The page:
My time here in Antarctica continues to be one of the most remarkable trips of my life. The fieldwork, environment, and life at Palmer Station are great experiences. Here we have a great community with a diverse array of people, research endeavors, and areas of expertise. We have social activities after work, such as movies, science talks, and even games of dominoes. The people here are a select few. The cheerful exuberance of everyone is contagious. There are always smiles on faces and the warm feeling of home.

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Light is a pretty essential source of energy that most people don’t often think about until seasons change. At Palmer Station we have long days with high light levels when we begin our field season (late summer) and the sun goes down after 10 PM. Because of this we were lucky enough to see the green flash two nights in a row this year after work while the ARSV Laurence M. Gould was still here. Now the night is coming faster, and fall is quickly settling in. Near the end of our field season in June, day length will be about four hours of daylight much of which is not direct sunlight.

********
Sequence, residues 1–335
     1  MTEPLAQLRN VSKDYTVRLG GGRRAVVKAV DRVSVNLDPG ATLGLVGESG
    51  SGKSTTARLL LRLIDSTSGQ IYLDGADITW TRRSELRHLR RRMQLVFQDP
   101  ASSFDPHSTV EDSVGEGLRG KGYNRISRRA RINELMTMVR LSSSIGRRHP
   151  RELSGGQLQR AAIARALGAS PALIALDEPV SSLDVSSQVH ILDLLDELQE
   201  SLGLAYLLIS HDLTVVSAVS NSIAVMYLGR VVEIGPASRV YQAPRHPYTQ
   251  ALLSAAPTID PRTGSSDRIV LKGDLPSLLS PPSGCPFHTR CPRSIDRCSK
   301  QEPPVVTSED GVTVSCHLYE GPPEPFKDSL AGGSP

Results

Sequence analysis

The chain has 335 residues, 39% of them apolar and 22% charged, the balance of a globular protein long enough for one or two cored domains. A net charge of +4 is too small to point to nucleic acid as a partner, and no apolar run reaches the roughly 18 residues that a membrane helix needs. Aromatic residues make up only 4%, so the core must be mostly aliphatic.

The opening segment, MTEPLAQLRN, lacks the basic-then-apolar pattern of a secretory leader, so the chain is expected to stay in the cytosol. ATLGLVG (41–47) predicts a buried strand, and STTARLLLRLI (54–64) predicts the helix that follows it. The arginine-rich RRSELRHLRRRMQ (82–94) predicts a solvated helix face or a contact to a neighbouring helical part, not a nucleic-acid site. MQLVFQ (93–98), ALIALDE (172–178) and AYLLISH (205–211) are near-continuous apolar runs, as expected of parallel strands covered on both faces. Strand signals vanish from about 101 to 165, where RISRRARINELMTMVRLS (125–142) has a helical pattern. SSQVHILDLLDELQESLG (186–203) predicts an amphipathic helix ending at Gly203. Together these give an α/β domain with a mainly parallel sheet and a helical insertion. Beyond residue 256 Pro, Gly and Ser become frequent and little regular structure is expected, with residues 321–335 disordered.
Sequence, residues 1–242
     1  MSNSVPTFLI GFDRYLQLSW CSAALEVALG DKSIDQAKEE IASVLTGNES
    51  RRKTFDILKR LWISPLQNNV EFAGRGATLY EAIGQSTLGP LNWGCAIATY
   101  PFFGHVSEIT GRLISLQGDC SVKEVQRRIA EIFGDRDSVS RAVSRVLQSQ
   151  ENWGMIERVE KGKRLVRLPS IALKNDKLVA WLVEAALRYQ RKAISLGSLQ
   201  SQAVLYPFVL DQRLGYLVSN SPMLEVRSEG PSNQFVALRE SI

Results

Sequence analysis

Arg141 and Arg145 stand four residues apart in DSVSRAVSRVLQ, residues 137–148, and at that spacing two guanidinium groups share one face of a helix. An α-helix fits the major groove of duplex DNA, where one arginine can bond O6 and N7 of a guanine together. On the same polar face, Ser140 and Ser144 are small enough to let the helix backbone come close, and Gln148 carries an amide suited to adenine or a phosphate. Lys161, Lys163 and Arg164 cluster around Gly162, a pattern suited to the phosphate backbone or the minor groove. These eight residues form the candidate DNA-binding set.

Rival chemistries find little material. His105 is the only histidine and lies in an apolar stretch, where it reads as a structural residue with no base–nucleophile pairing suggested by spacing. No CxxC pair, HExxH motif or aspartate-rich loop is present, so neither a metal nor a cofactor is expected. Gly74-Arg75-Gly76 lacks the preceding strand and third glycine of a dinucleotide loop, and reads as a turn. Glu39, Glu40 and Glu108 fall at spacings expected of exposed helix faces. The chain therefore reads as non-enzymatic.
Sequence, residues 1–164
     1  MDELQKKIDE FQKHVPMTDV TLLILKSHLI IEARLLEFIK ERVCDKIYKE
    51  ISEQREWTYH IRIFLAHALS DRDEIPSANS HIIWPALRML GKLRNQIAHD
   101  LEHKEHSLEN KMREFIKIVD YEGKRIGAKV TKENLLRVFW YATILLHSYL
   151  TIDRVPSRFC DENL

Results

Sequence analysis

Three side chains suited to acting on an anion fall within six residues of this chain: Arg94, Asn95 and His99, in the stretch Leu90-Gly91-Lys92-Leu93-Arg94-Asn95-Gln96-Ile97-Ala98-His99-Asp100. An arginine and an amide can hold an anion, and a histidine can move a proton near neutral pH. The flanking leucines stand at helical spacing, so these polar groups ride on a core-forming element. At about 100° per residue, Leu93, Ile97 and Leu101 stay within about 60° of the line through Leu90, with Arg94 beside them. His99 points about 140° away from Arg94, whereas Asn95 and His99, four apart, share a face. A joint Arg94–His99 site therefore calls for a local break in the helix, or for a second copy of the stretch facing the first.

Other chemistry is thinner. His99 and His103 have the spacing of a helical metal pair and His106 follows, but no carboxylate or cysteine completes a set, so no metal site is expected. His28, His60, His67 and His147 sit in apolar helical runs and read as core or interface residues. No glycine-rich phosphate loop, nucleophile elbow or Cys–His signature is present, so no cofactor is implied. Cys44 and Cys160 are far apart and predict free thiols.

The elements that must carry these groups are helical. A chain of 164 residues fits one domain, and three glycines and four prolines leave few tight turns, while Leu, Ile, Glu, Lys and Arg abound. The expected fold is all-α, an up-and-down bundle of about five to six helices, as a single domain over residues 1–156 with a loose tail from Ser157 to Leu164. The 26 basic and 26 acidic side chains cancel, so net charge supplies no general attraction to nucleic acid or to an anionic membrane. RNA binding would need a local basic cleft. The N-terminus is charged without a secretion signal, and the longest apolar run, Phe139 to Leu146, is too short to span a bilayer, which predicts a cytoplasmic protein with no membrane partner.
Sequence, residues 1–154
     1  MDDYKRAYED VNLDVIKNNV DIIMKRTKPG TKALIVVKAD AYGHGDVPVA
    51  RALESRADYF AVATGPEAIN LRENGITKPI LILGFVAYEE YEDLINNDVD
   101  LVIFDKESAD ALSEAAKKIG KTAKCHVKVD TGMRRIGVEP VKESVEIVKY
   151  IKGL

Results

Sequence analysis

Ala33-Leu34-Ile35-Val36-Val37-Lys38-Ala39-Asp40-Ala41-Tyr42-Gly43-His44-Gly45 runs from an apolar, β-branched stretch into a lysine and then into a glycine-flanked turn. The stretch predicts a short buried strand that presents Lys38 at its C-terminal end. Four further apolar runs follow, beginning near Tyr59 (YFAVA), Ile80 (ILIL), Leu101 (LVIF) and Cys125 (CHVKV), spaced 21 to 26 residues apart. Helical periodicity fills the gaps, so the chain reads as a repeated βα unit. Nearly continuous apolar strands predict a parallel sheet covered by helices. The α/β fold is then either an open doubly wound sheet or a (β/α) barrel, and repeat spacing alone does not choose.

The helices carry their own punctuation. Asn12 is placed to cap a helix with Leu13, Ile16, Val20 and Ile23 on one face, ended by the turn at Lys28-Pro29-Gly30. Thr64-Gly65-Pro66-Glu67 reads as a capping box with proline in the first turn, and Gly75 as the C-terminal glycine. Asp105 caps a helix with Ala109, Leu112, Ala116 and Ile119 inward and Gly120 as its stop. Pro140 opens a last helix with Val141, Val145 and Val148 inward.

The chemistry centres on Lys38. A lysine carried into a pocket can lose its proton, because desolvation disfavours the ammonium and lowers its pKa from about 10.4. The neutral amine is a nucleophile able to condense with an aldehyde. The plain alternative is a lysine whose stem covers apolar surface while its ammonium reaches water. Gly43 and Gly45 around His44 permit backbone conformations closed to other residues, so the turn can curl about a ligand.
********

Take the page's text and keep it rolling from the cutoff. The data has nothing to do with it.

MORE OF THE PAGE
My former doctoral student, Marc Slattery, now a Professor at Ole Miss, could not believe his eyes. The giant tree-like soft coral, Gersemia antarctica, seen on the time-lapse video he had just recovered, had laid its trunk down against the substrate and rolled its polyp-laden branches in a complete circle! As thousands of tiny feeding polyps (tentacled projections) encountered the nutrient-rich muck, they engulfed organic particles, small plant-like diatoms, and tiny invertebrates. Like sheep grazing in a field, once the foraging circle was completed it was time to move on to greener pastures. The soft coral stood back up and moved across the seafloor by contracting the bulbous root-like base of its trunk. When it had moved to a new region of the seafloor, it laid itself back down, and commenced feeding again.

If you have been checking out the Palmer Station webcam ( recently you may have noticed that we have been having a wide variety of visitors lately. The type of visitor and duration of stay have varied greatly, mostly the length of stay has depended on the weather. Our visitors have ranged from a 12 meter (39.4 ft) long sailboat to giant icebergs and small cruise ships.

UAB in Antarctica’s initial days on station were a frenzy of unpacking science gear into labs and tossing personal gear into an assigned dorm room while simultaneously packing and prepping for our dive cruise time on the Pt. Sur which was described in Chuck’s last entry. It was a hectic stretch and everyone was ready for our first official day off since leaving Punta Arenas. Sunday morning until 1PM is the project’s weekly “day” off (yes, fuzzy math). Team members took the opportunity to finally get settled and comfy in their rooms and for first-time Palmerite Kevin Scriber, the opportunity to fully explore his new home.


Palmer Station Webcam